I somehow did not review this in that last One-Track Mind, which I dashed off a couple of weeks after this came out. It must have slipped through the cracks. That’s given me another ten months to listen to it obsessively, which is a pretty good approximation of how I DO listen to it. Well, you start off (a) with a band whose name (accurately) reflects that they’re a bunch of Elder Scrolls Nerds, who (b) start off their five-song EP with a track that extensively samples Anton LaVey’s The Satanic Mass album, and then (c ) back that up with the kind of hook-laden stoner rock that I have always wished the Bakerton Group could pull off, given how excellent they are when they add a vocalist and become Clutch. Problem is, there’s not a song on Dread Father that isn’t ten times as groovy as anything Bakerton have ever come up with, and then you slap in Satan worship AND the Elder Scrolls? I want to give this whole band an Amulet of Mara. [ed.note: I just realized this album does run a shade over twenty-one minutes…which means I need to figure out what falls off my Albums of the Year list to make room for this monstrosity.]
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Andrew Kirschner, Patient (905 Tapes, 2014)
Back when I was in college and Metallica were still relevant, I was a huge fan. (To give you an idea, Newsted had just joined the band and they’d put out Garage Days II, with …And Justice for All just over the horizon.) I was in love, and played Metallica every chance I got. One of my friends was not so enamored—actually, none were, but I at least had one friend who had the brain of a nascent critic and could articulate why. He singled out the bass lines on the Burton-era stuff, and the comparison he gave was to a car’s exhaust. Of course, that’s what had grabbed me back then, that almost subsonic rumble that I still try to imitate in noise tracks a quarter-century later. With his new cassette, Kirschner (who also performs as half of Blackfire and half of Reluctance) has his finger on that exact pulse, though I think he’s a little farther up the chassis. This is the sound you would hear if you were the universal cat of urban legend who had crawled under the car’s hood to escape the cold, especially on the second track of side two. That’s just bleak and pitiless (“Patient” here refers to the hospital, not the state of mind, at least in my interpretation of what’s going on here). If you write for Scene, it would probably be kind of like standing behind a jet engine, but as with most stuff categorized as Harsh Noise Wall, there’s a great deal going on just under the surface; you just have to have the patience (ha!) to find it.
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Black Flag Hoisted, WRUW Off-Air Anthem (Compulsion Rites, 2014)
Roman J has never been all that great at hiding his sociopolitical extremism; he has headed up, or performed in, acts with monikers like Mailbomb Solution and Strangled Cop. But no name he has performed under quite has that direct-action feel as Black Flag Hoisted, which he pulls out for immediate calls to action. Most recently, he dusted it off for “WRUW Off-Air Anthem”, in response to the controversy surrounding a DJ being disciplined for playing a Nightmare Castle track (and, later in the week, another being cautioned while playing an XTerminal track while in safe haven hours). You might expect this five-minute single, in keeping with the problems with said radio station, to be a harsh noise wall track. The bottom layer of it is, a thick, pounding looped static wall, but there is more than enough high-register nastiness over top to make sure you wouldn’t mistake this for a station actually being off the air. This is not powerelectronics for beginners; if you don’t know what you’re doing, “WRUW Off-Air Anthem” is probably going to hit you like a side of beef.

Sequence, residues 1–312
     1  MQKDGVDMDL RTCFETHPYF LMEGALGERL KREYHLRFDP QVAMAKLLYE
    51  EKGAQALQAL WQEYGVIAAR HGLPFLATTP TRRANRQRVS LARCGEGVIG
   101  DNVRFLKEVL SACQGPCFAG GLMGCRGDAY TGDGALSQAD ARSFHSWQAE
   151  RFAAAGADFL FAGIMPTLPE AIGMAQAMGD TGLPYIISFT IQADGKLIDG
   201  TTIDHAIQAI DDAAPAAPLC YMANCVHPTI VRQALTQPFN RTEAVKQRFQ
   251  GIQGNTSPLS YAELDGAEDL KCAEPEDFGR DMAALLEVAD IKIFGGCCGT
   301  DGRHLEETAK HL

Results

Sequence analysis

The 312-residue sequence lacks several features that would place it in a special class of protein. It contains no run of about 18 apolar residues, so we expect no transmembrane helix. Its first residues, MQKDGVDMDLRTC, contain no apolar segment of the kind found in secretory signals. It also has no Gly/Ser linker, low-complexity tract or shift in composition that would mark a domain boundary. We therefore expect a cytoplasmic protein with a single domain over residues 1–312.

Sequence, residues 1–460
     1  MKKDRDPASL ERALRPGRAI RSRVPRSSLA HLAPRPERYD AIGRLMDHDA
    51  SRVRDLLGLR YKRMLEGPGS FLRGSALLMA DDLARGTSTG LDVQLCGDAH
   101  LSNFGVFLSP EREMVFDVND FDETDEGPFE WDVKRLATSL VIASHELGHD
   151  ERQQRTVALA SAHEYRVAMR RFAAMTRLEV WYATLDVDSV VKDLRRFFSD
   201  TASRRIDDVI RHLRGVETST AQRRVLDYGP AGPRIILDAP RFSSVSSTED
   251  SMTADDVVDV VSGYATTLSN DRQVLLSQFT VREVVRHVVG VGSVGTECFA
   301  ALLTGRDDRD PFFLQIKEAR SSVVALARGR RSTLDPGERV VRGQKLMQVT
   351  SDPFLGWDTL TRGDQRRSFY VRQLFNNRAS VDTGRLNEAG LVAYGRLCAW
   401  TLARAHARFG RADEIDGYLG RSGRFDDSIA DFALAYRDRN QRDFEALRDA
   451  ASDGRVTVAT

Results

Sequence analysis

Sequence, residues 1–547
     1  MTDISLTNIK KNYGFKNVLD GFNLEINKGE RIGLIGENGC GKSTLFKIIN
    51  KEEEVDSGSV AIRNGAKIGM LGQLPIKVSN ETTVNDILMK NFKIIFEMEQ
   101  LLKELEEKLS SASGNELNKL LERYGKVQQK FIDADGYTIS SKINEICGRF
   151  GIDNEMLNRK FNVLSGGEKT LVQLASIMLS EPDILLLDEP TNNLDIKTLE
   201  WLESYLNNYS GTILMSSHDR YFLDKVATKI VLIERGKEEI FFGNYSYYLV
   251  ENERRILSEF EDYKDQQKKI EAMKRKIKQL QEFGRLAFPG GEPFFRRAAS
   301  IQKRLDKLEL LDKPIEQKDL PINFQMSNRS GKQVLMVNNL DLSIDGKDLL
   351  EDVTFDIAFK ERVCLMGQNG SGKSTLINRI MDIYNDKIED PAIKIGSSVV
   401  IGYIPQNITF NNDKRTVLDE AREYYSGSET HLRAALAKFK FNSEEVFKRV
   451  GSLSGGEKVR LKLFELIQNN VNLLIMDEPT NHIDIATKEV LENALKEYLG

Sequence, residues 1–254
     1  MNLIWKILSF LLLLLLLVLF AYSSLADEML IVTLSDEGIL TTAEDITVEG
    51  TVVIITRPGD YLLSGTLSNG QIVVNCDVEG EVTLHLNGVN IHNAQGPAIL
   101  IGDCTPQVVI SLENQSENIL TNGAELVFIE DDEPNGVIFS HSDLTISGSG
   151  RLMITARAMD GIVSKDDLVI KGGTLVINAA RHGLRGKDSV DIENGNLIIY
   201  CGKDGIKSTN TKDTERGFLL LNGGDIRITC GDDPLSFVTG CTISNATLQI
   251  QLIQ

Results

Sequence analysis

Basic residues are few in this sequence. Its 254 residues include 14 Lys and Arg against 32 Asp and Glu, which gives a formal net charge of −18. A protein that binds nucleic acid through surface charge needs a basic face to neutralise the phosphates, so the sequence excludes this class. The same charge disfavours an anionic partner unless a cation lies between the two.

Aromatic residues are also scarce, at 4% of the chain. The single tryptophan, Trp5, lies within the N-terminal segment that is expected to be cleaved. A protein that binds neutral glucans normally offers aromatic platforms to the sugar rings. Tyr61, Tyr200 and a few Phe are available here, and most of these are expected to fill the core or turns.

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Laura Shigihara, My Blue Dream + (My Blue Dream 2004/Bandcamp 2013)
Laura Shigihara is now, by a country mile, best-known for having supplied the addictive soundtrack for one of the best-selling “casual games” of all time, Plants vs. Zombies. You should be considering that a gateway drug to her earlier pop work. My Blue Dream is one of the most successful blends of Jpop roots and Western sensibility I’ve ever heard; it’s been a staple on my mp3 player for five years or so at this point. Shigihara is excellent at coming up with the kinds of hooks that will stay in your head for days (viz. “2.75”). The re-release on Bandcamp adds a couple of earlier, rough-mixed demo tracks—if you’ve already got a copy of My Blue Dream (and you should), you probably don’t need to pick up the re-release unless you’re a completist, but if you’re new to the pop magic of Laura Shigihara, My Blue Dream is a must-own.
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Furisubi, A Dream in the Eye and the Dirt Beneath the Heel (Last Visible Dog, 1998)
The history of the work of Kris Lapke is a long and increasingly complex one; as far as I can tell, Furisubi is its beginnings, and A Dream in the Eye and the Dirt Beneath the Heel is the beginning of Furisubi. Lapke, currently heading up Alberich and with ties to about a dozen other bands, was occasionally aided in Furisubi by Emily Salvatierra; the two of them teamed up with Dominick Fernow in 2001 for a collaborative effort with their two acts and Diagram A (Informatively titled Collaboration), and… well, the rest is history; Lapke would go on to become an occasional member of Prurient, Fermow, Lapke, and Salvatierra would form the excellent one-off rock band Football Rabbit, etc. A Dream… is much more Football Rabbit than it is Collaboration, sounding a lot like the precursor to the rash of alternapunk noise-rock duos who would appear soon after (Lightning Bolt, Clan of the Cave Bear, Behold! the Yeti Scalp, etc. etc.). Extended (mostly) guitar jams backed with drums that are more interested in keeping a solid beat than the flash and showmanship of the bands that would come after. Last Visible Dog seem to have gone the way of the great auk; their website is no longer active and as far as I can tell they haven’t done a release since 2010, which makes this a seemingly tough piece to come across these days; worth picking up if you stumble across it and if you’re a fan of the bands mentioned above, but not something to spend your life trying to track down a copy of.